As Vanguard developed and communicated the concept of the balanced scorecard to its nearly 10,000 employees, Packard set about answering that question. What he came up with were two new financial measures--Vanguard Economic Value Added (VEVA) and the market- adjusted expense ratio--that proved to be insightful and invaluable. For the first time, Vanguard had measures for the true value it created for its investors and for giving employees a clearer picture of their contributions.
In coming up with VEVA, Packard considered that Vanguard added value only to the extent that it provided investors with a better return than if they had invested in a competing fund. Customizing the concept of economic value added (EVA), he looked at the increment between the total return of each Vanguard fund and a benchmark of comparable funds. On a fund-by-fund basis, he then multiplied that increment, whether it was plus or minus, by the assets in the particular funds.
On a cumulative basis, Packard found that since Vanguard's inception in 1975, it had a VEVA of $45 billion. The total for 1998--the total return differential for the year times the invested assets that year--was even more astounding: it came to approximately $15 billion in added value to shareholders. Furthermore, Packard calculated that about two- thirds of that value was created by Vanguard's investment performance, with the balance credited to its expense-ratio advantage. (This year's total VEVA is tracking at $8 billion to $13 billion.)
"This was a superior innovation," says CEO Brennan. "I've taken VEVA to our clients and told them, This is what we've done for you. They have found it a more helpful way to understand our success than being told we're at $500 billion in assets."
While VEVA has proven to be a compelling measure of value creation, Packard worried that it was too difficult for employees to relate to. He wanted a measurement that would help them to better appreciate their contribution to adding value. "We wanted to come up with something that was actionable," Packard says.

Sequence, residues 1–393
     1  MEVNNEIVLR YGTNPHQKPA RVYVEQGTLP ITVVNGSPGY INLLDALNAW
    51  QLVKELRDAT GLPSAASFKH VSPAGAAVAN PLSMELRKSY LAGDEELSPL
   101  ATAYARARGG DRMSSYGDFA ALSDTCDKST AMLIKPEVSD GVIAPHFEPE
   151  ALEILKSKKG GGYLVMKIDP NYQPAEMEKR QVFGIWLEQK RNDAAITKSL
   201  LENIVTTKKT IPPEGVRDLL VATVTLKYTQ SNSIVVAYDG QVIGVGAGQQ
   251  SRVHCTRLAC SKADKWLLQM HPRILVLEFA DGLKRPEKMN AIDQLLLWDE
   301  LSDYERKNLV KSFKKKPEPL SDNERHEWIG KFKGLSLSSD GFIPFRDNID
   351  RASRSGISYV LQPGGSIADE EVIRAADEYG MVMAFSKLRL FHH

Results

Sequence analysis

The expense ratio for Vanguard's funds, which is consistently lower than its peers', had fallen 10 percent between 1995 and 1998, from 0.31 percent to 0.28 percent of net assets. But while the company has easily maintained its competitive position as low-cost provider, Packard was concerned that the dramatic market appreciation, as reflected in the denominator of the calculation, was largely responsible for the recent expense-ratio decline.
"We could easily spend at high levels without adding much value to our shareholders and still have the lowest expense ratio in the industry," Packard observes. "We needed a measure that removed the benefit of market appreciation and established itself as the standard."
The result -- Vanguard's market-adjusted expense ratio -- compensates for market appreciation by including only the cash flow from investors on the asset side of the expense-ratio calculation, and is about 40 percent higher than its straight expense ratio. Moreover, Packard discovered that the market-adjusted expense ratio actually increased in 1998.
"Many crew members had the false impression that they were doing a fantastic job on efficiency," he says. "They may not have seen areas that needed improvement or opportunities to reduce costs." By calculating the market- adjusted expense ratio on a departmental level, Packard says the metric has brought more discipline to the planning and budgeting processes and to capital-allocation decisions.
It has also been a tremendous motivator. For 1999, Vanguard set a corporatewide target of reducing its market-adjusted expense ratio by one basis point. And in the first six months of the year, Packard reports, the company is on its way to meeting that goal. Moreover, the balanced scorecard is now used to determine the overall bonus pool.
A quarter-century ago, it took sheer determination to get the sailors stationed in Hawaii to care about costs. "Back then, a balanced scorecard would have been completely foreign," Packard quips. Although also once foreign to Vanguard, that concept now allows everybody to better understand where this ship is sailing.